cite as: Wolfe, J.  & Clark, J. L. (2008, July 15). Intervention for a Child with Auditory Neuropathy/Dys-synchrony. The ASHA Leader.


Berlin, C. (1999). Auditory neuropathy: Using OAEs and ABRs from screening to management. Seminars in Hearing, 21, 307–315.

Buchanan, C. et al. (2005). Poster presentation at International Symposium on Cochlear Implantation in Children. Dallas, Texas.

Gibson, W., & Halit, S. (2007). Auditory neuropathy: and update. Ear and Hearing, 28(2) Supplement: 102S–106S.

Peterson, A., Shallop, J., Driscoll, C., Breneman, A., Babb, J., Stoeckel, R., & Fabry, L. (2003). Outcomes of cochlear implantation in children with auditory neuropathy. Journal of the American Academy of Audiology, 14(4), 188–201.

Rance, G., Barker, E., Mok, M., Dowell, R., Rincon, A., & Garratt, R. (2007). Speech Perception in Noise for Children with Auditory Neuropathy/Dys-Synchrony Type Hearing Loss. Ear and Hearing, 28(3), 351–360.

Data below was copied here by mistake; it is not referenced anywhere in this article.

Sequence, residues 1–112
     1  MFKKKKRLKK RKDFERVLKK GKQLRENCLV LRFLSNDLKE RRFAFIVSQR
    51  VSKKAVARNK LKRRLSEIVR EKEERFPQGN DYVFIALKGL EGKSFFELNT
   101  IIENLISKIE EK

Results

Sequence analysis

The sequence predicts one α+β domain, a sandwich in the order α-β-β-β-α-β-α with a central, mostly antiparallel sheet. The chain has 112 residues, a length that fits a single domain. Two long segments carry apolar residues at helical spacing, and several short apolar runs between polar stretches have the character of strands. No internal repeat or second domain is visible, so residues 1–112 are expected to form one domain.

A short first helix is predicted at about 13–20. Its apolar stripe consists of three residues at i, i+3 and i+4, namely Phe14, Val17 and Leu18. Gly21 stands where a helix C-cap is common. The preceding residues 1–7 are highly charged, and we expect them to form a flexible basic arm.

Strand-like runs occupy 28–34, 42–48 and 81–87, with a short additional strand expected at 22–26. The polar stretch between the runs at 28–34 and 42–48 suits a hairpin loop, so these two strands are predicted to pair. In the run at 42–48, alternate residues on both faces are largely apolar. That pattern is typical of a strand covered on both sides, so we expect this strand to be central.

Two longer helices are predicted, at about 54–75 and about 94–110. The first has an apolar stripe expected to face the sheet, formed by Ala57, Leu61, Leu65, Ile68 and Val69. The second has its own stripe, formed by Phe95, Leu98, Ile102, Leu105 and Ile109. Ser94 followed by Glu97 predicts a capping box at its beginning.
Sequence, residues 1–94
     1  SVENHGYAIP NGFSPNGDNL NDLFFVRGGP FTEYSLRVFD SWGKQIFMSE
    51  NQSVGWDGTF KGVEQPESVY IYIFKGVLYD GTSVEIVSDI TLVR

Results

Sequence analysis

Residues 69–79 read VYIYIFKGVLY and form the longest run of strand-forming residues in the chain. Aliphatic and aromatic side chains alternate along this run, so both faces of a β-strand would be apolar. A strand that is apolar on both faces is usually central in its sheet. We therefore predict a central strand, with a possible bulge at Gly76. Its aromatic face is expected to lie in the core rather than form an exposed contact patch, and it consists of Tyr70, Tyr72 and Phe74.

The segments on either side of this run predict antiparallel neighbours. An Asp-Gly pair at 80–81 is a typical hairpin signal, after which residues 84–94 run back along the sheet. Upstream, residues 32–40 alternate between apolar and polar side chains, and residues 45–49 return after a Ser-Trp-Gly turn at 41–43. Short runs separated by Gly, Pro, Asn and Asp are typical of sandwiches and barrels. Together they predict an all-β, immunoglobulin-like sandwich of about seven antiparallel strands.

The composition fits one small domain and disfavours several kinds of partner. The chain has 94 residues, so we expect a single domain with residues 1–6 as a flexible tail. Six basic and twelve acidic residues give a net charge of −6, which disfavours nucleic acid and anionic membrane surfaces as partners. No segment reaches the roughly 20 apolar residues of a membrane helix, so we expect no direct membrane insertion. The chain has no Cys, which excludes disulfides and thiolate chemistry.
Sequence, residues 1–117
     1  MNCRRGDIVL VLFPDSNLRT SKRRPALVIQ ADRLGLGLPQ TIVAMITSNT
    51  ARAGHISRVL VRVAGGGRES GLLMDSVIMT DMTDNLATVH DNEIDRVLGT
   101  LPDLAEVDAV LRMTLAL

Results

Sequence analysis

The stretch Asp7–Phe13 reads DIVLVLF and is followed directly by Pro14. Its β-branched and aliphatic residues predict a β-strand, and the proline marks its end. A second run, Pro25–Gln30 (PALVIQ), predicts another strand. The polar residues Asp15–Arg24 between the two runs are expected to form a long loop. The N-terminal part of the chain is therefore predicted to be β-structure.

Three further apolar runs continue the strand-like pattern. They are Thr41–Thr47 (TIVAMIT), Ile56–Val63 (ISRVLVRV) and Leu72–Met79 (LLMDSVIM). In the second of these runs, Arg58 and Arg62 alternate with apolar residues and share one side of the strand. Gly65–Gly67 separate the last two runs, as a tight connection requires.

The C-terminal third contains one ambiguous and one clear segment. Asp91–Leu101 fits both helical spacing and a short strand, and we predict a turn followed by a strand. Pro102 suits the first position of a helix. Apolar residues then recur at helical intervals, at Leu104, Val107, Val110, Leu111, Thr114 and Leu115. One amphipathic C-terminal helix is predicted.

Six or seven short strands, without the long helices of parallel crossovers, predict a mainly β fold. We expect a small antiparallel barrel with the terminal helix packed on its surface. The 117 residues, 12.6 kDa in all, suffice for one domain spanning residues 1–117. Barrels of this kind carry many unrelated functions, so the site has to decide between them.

Rance, G., Beer, D., Cone-Wesson, B., Shepherd, R., Dowell, R., King, A., Rickards, F., & Roberts, G. (1999). Clinical findings in a group in infants and young children with auditory neuropathy. Ear and Hearing, 20(3), 238–252.

Rance, G., McKay, C., & Grayden, D. (2004). Perceptual characterization of children with auditory neuropathy. Ear and Hearing, 21, 34–46.

Runge-Samuelson, C., Jensen, J., Drake, S., Balko, K., & Wackym, P. (2007). Speech perception performance in noise by implanted children with auditory neuropathy/dys-synchrony. Oral presentation at 11th International Conference on Cochlear Implantation in Children, Charlotte, NC.

Shallop, J., Peterson, A., Facer, G., Fabry, D., & Driscoll, C. (2001). Cochlear implants in five cases of auditory neuropathy: Postoperative findings and progress. Laryngoscope, 111, 555–562.

Tharp, A. & Haynes, D. (2004). Auditory neuropathy/dys-synchrony: A mountain or a molehill? In R. Seewald and J. Bamford (Eds.), A Sound Foundation Through Early Amplification, Proceedings of the Third International Pediatric Conference, 271–277. Switzerland: Phonak.

Trautwein, P., Shallop, J., Fabry, L., & Friedman, R. (2001). Cochlear implantation of patients with auditory neuropathy. In Y. Sininger and A. Starr (Eds.), Auditory Neuropathy (pp. 203–232). San Diego: Singular Publishing.